Clinton, MO – A woman accused of dealing drugs out of the home where a Clinton officer was murdered, and two other officers were wounded in March, could face the death penalty or life in prison, The Oklahoman reported.
Police responded to Tammy Dee Widger’s home at 9:20 p.m. on March 6, after they received a 911 call and heard two women screaming in the background, Missouri Highway Patrol (MHP) Sergeant Bill Lowe told KSHB.
When police arrived at the address given to them by dispatchers, the officers contacted Widger who led them into an ambush.
Officer Morton was mortally wounded.
The other officers who were wounded were rushed for emergency medical care, and sustained non-life-threatening injuries, Sgt. Lowe said.
Waters barricaded himself inside the residence after he shot the officers, and was found dead at approximately 12:10 a.m. on March 7, after an MHP SWAT team made entry into the home.
Widger, who lived at the Clinton residence, was charged with possession of methamphetamine with intent to deliver, and maintaining a public nuisance.
Henry County prosecutor Richard Shields said that evidence found in the house suggested Widger had been selling drugs out of her home prior to the shootings.
She was also charged with two counts of first-degree assault for the two officers wounded by Waters.
She claimed she didn't know Waters had a gun, and pointed out that she was standing there with the officers when the shooting started.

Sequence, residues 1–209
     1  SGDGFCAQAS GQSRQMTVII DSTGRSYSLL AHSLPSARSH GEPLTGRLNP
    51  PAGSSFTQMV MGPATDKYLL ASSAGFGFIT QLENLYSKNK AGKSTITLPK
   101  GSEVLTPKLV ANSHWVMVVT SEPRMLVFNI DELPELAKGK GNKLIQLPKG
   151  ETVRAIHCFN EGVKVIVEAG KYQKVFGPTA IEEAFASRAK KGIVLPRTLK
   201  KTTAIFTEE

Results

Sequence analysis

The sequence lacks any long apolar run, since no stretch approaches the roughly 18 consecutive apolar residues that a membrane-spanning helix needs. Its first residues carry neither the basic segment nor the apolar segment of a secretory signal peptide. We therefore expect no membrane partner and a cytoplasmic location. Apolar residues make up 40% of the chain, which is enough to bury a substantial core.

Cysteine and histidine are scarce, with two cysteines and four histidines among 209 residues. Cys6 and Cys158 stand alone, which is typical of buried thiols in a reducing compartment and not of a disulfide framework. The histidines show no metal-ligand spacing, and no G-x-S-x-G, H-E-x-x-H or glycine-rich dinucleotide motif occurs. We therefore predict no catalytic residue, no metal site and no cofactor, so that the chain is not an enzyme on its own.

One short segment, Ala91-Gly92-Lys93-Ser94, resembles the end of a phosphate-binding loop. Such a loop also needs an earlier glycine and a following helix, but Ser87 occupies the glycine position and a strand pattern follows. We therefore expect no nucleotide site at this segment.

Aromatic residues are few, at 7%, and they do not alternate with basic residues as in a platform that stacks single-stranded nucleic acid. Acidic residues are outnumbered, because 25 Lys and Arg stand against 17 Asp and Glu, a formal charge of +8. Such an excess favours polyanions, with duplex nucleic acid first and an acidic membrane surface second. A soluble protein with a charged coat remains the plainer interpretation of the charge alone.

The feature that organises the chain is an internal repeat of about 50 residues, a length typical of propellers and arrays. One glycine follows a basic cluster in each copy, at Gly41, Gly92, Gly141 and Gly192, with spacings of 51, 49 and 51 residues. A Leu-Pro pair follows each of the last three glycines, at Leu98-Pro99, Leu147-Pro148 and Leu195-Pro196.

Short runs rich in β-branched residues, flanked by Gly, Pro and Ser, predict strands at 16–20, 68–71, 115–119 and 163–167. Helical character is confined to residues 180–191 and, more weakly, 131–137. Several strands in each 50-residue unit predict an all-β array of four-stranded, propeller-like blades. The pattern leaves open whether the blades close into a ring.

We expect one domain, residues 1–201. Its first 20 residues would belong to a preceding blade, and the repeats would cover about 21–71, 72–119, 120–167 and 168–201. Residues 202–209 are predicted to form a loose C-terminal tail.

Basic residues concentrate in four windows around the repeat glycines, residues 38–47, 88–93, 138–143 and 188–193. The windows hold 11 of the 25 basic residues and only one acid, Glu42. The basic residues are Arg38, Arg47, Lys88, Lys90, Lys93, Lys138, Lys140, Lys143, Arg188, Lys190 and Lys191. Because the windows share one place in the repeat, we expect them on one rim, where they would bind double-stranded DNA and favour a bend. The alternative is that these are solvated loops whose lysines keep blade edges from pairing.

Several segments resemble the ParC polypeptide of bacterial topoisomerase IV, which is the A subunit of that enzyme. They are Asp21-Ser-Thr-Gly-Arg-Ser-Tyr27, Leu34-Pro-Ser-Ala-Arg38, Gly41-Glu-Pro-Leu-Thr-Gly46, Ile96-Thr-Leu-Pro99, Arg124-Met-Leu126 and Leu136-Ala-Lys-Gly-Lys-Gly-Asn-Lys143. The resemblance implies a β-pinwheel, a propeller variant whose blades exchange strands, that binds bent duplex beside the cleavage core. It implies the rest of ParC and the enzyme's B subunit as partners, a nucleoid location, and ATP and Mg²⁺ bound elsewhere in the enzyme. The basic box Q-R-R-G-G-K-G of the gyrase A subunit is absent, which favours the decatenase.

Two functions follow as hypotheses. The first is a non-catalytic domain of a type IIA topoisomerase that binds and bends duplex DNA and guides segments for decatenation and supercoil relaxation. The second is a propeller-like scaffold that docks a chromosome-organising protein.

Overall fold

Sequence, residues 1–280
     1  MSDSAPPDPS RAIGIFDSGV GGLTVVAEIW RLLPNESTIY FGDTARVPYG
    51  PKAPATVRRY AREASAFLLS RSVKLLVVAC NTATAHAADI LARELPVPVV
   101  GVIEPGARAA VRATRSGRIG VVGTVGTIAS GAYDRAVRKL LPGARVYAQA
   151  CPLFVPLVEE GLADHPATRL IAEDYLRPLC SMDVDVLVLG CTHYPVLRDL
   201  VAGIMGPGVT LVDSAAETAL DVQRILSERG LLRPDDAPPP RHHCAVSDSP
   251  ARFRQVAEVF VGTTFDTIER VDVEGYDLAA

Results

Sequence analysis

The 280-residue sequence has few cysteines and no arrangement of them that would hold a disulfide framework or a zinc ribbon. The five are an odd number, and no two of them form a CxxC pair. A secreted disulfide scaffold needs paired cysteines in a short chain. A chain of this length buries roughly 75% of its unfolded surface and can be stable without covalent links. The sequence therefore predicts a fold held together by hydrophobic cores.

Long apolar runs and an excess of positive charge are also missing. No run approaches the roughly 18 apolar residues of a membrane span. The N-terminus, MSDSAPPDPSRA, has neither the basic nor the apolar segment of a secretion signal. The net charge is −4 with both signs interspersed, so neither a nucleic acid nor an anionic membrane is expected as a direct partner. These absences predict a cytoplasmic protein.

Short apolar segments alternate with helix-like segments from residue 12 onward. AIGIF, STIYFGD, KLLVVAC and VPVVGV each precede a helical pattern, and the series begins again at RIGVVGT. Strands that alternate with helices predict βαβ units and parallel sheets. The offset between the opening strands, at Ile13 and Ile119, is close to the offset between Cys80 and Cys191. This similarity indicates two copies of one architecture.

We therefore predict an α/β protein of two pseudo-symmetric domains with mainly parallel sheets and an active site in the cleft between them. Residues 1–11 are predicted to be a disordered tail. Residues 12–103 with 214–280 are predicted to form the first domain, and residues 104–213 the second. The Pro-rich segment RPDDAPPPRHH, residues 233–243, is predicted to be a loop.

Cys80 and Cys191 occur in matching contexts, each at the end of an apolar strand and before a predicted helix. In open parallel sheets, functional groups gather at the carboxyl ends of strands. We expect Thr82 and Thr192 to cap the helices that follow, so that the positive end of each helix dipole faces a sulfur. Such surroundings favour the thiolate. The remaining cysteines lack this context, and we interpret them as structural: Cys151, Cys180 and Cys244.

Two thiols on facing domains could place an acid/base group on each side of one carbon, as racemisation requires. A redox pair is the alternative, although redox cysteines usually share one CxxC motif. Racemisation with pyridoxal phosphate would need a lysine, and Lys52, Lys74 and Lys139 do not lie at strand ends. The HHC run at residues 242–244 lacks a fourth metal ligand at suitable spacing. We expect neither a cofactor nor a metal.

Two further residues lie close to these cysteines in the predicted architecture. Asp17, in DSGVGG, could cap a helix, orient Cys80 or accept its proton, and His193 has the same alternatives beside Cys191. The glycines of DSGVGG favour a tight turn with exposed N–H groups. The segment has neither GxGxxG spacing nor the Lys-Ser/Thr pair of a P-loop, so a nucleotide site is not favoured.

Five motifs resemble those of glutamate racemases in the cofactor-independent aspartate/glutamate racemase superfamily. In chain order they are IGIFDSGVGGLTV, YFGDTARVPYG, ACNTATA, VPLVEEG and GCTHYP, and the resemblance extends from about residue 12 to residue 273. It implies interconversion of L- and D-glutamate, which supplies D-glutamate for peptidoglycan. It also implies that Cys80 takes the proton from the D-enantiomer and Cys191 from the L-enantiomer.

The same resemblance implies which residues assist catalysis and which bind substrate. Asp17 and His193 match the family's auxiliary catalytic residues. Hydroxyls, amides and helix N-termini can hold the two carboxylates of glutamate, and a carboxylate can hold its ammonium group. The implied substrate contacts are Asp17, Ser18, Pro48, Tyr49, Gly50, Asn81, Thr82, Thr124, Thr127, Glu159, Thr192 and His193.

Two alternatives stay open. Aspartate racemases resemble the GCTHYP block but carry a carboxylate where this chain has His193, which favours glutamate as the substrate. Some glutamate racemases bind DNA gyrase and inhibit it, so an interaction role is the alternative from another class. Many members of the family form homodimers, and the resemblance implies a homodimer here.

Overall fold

"I didn't know what was going to happen," Widger said. "In the blink of an eye, my life changed. I didn't want this."
Shortly after the incident, police learned that a mistake had led officers to Widger’s house.
The dispatcher used the agency’s database and technology to trace the call, and dispatched officers to the Clinton home.
CenturyLink, the telephone company that provided service to the Henry County, disputed that allegation and insisted that the information its system provided in relation to the 911 call was accurate.
"CenturyLink takes all public safety issues seriously, particularly those involving first responders," CenturyLink spokesman Mark Molzen told The Kansas City Star on Thursday evening. "We conducted a thorough investigation which shows that when the 911 call was placed, CenturyLink provided the correct phone number and address."
The call was placed using a landline.
“Assuming they’re right, they delivered the right address,” Henry County 911 Emergency Communications chairman Ken Scott told The Kansas City Star, after he learned about the company’s statement. “I don’t have a reason to challenge that.”
The error may have been the result of a problem with the 911 center’s technology, he said.
At the time of the murder Waters was out on bail, and investigators had been looking for him in relation to a rape investigation, but they weren’t looking for him the night that he opened fire on police, according to Shields.